BOSTON — COVID-19 cases are surging yet again, but the impact on local colleges and universities is different this time around.
Colleges and universities across the Boston area are assuring students that there are no plans of implementing new protocols or restrictions moving forward.
Northeastern University cancelled its on campus PCR testing program last Friday, joining a list of other schools that have done the same.
“The move reflects a shift in the public health approach to COVID-19 as the university and the nation transition to managing the disease like other illnesses,” explained a letter to the Northeastern school community.
Many colleges and universities are also scrapping COVID-19 isolation housing for future semesters.
“There’s going to be cases that come up, but school is still going to progress like it usually does,” said Northeastern freshman Mario Gonzalez. “I’ve sort of been thinking about it as a flu.”
The lessons learned during the pandemic are following Northeastern seniors to their Friday graduation ceremony at Fenway Park.
“In some ways, I got robbed of two years of my college experience,” said Northeastern senior Abby Yeomans. “I also think it’s made us so much more resilient to what life is going to throw at us.”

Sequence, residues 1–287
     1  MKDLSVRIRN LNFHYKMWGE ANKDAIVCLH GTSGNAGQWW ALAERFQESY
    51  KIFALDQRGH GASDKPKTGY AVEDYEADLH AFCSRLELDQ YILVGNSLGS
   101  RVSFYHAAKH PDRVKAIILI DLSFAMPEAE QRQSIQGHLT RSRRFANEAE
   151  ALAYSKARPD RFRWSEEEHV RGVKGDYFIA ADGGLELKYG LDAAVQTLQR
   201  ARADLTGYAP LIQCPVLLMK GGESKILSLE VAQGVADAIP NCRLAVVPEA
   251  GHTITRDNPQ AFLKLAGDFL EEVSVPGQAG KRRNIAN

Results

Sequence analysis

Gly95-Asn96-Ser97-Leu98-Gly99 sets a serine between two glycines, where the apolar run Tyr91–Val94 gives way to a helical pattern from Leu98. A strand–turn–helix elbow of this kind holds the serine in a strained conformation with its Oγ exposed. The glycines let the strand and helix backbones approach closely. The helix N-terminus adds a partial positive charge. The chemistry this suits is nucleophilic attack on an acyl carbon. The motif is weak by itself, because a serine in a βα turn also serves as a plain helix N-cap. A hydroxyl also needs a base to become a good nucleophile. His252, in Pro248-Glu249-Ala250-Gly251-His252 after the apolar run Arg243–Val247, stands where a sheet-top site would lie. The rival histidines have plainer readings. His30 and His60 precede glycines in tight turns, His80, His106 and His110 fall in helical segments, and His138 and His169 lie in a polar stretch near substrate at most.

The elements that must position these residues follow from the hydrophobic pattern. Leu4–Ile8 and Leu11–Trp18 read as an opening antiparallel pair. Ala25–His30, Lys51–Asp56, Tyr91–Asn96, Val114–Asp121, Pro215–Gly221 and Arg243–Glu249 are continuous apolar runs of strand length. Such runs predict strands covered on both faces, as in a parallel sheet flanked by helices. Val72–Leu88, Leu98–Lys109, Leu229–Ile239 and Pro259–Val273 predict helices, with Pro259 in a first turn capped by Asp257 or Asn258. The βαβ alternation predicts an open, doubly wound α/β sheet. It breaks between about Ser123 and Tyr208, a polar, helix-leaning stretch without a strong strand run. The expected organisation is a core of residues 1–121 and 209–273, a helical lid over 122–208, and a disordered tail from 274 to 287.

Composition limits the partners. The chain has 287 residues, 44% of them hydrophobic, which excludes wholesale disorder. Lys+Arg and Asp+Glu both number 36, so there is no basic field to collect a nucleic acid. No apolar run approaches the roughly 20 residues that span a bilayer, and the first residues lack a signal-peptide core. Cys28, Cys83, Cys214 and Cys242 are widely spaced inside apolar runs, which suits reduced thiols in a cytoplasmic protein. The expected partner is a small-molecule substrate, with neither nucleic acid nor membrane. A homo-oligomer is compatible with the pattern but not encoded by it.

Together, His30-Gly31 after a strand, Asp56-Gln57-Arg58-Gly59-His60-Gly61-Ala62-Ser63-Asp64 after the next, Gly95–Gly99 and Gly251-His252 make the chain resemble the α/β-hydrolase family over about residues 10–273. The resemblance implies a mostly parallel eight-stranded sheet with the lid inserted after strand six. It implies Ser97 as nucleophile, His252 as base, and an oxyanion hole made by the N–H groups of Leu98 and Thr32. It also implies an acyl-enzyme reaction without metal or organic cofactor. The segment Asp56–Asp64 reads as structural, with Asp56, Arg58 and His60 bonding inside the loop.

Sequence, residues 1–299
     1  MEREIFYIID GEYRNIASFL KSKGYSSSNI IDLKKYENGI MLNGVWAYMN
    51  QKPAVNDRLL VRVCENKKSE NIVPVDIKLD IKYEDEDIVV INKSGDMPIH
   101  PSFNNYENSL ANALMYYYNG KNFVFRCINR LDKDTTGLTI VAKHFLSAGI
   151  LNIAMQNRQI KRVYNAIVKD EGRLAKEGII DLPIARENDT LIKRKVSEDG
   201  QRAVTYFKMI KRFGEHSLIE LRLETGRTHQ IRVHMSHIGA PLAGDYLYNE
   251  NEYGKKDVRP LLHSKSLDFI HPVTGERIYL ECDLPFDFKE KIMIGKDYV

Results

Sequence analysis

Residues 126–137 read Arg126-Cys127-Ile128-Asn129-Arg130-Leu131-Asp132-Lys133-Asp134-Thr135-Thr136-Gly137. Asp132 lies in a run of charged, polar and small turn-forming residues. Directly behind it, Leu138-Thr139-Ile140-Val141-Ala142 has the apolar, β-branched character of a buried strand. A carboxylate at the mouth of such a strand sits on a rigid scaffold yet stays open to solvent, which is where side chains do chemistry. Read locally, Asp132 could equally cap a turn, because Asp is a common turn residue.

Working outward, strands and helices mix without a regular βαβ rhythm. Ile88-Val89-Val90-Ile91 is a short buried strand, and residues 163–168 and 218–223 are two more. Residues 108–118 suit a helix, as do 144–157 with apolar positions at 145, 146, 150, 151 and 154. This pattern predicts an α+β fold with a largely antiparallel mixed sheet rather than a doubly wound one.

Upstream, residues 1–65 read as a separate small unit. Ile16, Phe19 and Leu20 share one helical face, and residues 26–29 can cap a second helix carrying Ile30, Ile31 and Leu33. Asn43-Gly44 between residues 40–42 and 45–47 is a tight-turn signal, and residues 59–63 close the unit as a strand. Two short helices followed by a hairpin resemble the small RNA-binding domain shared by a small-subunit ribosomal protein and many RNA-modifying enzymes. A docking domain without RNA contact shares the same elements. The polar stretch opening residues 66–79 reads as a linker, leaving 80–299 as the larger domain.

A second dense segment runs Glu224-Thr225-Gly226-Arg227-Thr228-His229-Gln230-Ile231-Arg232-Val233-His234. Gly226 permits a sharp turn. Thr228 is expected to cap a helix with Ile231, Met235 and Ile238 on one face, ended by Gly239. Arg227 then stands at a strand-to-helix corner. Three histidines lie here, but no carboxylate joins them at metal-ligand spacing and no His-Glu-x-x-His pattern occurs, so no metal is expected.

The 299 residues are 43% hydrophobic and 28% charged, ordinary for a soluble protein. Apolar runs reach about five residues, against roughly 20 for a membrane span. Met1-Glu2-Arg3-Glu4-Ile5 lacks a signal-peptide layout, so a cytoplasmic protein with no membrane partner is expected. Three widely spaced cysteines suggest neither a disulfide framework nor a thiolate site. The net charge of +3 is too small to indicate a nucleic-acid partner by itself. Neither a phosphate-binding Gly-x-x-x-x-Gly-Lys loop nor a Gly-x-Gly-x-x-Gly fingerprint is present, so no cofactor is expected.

Colleges have had had some of the most stringent restrictions of any setting throughout the pandemic.
Tuft’s epidemiologist Dr. Shira Doron told Boston 25 News those restrictions didn’t prevent a major uptick in cases on campuses during the Omicron surge.
“We need to move away from mandates and toward educating people, communicating that the risk is higher when cases are higher and communicating how to protect yourself,” said Dr. Doron.
Doron said recommendations from health experts are important, but she believes automatic restrictions can be divisive.
“What we’ve been seeing, we could be seeing forever. So then the question is, do we want to keep creating these rifts in society?,” asked Doron.
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